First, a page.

When the Camaro Z28 returned from a two-year year hiatus in 1977, as a standalone model rather than an option package, it no longer shared the Corvette’s L-82 350-cubic-inch small-block V-8. With its tamer LM-1 350 four-barrel, used through 1981, a mid-16-second quarter-mile was about as fast as it got.
Despite the Z28’s softened performance and mid-year introduction, sales moved a bit higher than in 1974, and would soar higher still after a 1978 refresh that added sleek body-color bumpers. Available luxuries like power windows, quality stereo, T-tops, and even a CB radio completed the Z28’s new cruiser persona, and sales reached 85,000 in 1979.
For those seeking a true high-performance Camaro, there was still Don Yenko and his famous Chevrolet dealership in McMurray, Pennsylvania. The 1967–69 Yenko Supercar Camaros with 427 big blocks (factory-installed in 1969) and 1970 Nova Deuces with LT-1 350 small blocks were muscle car royalty. Yenko, a road racer, had also left his mark in the sports car realm with the Stinger, a high-performance Corvair offered in the 1960s. A Vega-based 1971–72 Stinger became Yenko’s best-selling model.
In the Z28, Yenko and Kim Mason, his Chevy dealership general manager, saw the potential for an American GT that combined muscle car acceleration with sports car handling. Their vision crystallized in the 1981 Camaro Turbo Z, the rarest of all Yenko Camaros with just 19 made.
Turbo, but not COPO
There was no asking Chevrolet to give the Z28 a hotter engine via the Central Office Production Order (COPO) system, as in 1969. Instead, Yenko installed a turbocharger kit from Turbo International, adding some of his own tweaks.
Turbocharging, which GM had first used with the 1962 Chevy Corvair Monza Spyder and Oldsmobile Jetfire, was back in the spotlight in the 1970s, thanks to the Porsche 911 Turbo, Saab 99 Turbo, and Buick’s turbocharged 3.8-liter V-6. For 1980, Pontiac turbocharged its 301 V-8 for the Firebird Trans Am and Formula. A turbo Trans Am could match a Z28’s performance, but with lots of detonation. The Buick was much more successful, evolving with fuel injection, electronic controls, and intercooler for the later Grand National and GNX.
Yenko’s “blow-through” turbo setup for the Camaro put compressed air through the stock carburetor. In contrast, Pontiac’s “draw-through” design pulled the air and atomized fuel through the compressor. Yenko’s turbo made a maximum of 7 psi and did not use a wastegate. A compressor bypass valve, also known as a “priority valve,” was claimed to reduce turbo lag by allowing intake air to go around the turbo under vacuum. Water injection controlled detonation, and a fuel heater under the carburetor was said to prevent stumbling and help keep 50-state EPA compliance.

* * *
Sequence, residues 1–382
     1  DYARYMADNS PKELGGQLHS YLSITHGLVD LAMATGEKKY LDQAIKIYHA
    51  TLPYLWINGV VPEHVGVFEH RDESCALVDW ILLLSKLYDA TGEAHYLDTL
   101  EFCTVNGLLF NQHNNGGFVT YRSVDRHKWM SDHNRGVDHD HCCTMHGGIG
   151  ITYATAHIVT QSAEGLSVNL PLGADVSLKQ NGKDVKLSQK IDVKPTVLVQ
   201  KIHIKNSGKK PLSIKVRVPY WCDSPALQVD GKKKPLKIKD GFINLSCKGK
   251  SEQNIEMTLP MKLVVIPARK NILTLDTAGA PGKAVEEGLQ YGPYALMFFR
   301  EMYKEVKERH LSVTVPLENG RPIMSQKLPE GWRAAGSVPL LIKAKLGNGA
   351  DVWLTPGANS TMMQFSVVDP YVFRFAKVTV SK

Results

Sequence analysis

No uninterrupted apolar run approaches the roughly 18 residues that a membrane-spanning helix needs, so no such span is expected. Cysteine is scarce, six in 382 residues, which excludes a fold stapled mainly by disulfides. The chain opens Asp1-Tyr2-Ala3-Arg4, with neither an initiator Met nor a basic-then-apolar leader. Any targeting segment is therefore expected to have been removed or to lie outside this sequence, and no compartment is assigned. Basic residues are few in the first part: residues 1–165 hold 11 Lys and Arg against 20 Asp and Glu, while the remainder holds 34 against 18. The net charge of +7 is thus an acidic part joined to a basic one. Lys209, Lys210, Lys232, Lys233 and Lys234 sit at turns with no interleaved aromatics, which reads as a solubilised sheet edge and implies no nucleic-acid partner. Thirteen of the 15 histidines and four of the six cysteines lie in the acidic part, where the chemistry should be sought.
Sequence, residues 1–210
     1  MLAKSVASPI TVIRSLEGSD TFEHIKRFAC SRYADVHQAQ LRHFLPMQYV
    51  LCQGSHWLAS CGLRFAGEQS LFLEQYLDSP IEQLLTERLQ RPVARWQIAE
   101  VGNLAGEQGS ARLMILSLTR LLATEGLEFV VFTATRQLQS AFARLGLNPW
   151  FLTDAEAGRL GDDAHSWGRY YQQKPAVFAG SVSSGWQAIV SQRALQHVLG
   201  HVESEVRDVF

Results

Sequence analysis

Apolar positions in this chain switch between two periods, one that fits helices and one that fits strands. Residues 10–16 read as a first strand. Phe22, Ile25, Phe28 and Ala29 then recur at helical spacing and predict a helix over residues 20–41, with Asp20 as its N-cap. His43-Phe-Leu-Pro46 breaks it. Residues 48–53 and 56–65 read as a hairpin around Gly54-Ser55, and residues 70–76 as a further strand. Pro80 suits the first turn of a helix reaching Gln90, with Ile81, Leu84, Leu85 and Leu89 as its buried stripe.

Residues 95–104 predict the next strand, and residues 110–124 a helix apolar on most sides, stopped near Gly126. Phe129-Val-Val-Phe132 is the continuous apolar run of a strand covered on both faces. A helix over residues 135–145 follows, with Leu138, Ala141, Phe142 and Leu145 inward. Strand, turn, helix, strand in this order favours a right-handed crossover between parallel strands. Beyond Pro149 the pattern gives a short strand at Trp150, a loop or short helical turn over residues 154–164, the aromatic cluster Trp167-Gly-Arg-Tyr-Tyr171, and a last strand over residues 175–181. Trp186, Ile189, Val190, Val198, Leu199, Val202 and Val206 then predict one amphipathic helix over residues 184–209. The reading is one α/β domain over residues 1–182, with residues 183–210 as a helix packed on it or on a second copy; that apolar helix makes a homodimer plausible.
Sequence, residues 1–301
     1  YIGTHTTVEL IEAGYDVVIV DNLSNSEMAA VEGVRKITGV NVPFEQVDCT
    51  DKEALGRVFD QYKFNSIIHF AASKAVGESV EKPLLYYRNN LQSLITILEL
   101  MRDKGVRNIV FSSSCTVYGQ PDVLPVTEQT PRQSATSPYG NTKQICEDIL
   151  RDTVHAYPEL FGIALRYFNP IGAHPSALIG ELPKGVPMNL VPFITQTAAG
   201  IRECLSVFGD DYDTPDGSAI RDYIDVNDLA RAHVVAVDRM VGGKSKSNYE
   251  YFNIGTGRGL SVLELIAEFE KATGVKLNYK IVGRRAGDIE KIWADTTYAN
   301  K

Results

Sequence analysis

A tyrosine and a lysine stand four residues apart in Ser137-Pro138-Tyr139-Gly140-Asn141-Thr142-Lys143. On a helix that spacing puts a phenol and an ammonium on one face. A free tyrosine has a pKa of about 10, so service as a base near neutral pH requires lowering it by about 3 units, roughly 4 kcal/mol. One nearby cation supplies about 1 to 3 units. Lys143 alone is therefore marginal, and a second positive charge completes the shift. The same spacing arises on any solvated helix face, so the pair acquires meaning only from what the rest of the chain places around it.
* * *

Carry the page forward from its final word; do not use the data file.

In other respects, the Z28’s LM-1 350 with 8.2:1-compression and two-bolt main bearing caps remained stock. Yenko did not publish a horsepower figure for the Turbo Z. An estimate of about 240–250 seems reasonable, given the 14.51-second quarter-mile at 97.81 mph performance recorded by Hot Rod magazine.
In the cabin, a boost gauge took the cigarette lighter’s place, and a water level warning system triggered Safe, Add, and Danger lights in a dash-mounted panel. A block-off plate covered the deleted factory radio, and Yenko’s dealership offered aftermarket stereos.
In 1981, if you wanted a four-speed Z28, you were stuck with a 165-horsepower 305. The 175-hp 350 was teamed only with the three-speed automatic that year, so that’s what Yenko’s Turbo Z got. The 3.08 axle ratio with Positraction, F41 suspension, and 15 x 7-inch painted steel wheels with 225/70-15 tires carried over from the Z28.
The standard Turbo Z, called Stage I, cost $10,500 (about $30,000 today) and included air conditioning, cruise control, tilt steering wheel, and other Camaro upgrades. “Turbo Z” door graphics were actually less garish than the Z28’s own decals. Yenko also added a jutting front air dam modeled after the one used on the Camaro IROC race cars.
A Stage II option beefed up the Euro-GT persona with chassis tweaks, including Koni shocks, Guldstrand polyurethane bushings, and Weld two-piece 15 x 7-inch wheels with Goodyear Wingfoot radials (245/60-15 up front and slightly wider 255/60-15 in back). Cabin upgrades included Kamp leather seats and a Racemark steering wheel. The Stage II’s $17,300 tally (nearly $50,000 today) was $1,000 more than a base Corvette.
Yenko planned 200 Turbo Z Camaros but built only 19, three of those with the Stage II upgrade. At Mecum’s Kissimmee auction this past January, a 38,000-mile Stage II from Mark Pieloch’s American Muscle Car Museum in in Melbourne, Florida, sold for $68,200. It is so far the only Stage II certified by Yenko/COPO guru Ed Cunneen. Pieloch is hanging onto a fully restored Turbo Z Stage I, which was the last Yenko-built Camaro. A silver Turbo Z spotted in a New Jersey classified ad two years ago was described as a prototype featured in Super Chevy magazine, but its whereabouts were unknown at the time of publishing.
Editor’s note: The recently introduced Yenko/SC® 1000-horsepower supercharged Camaro built by Specialty Vehicle Engineering in Toms River, New Jersey, uses the Yenko trademarks under license from General Marketing Capital Incorporated.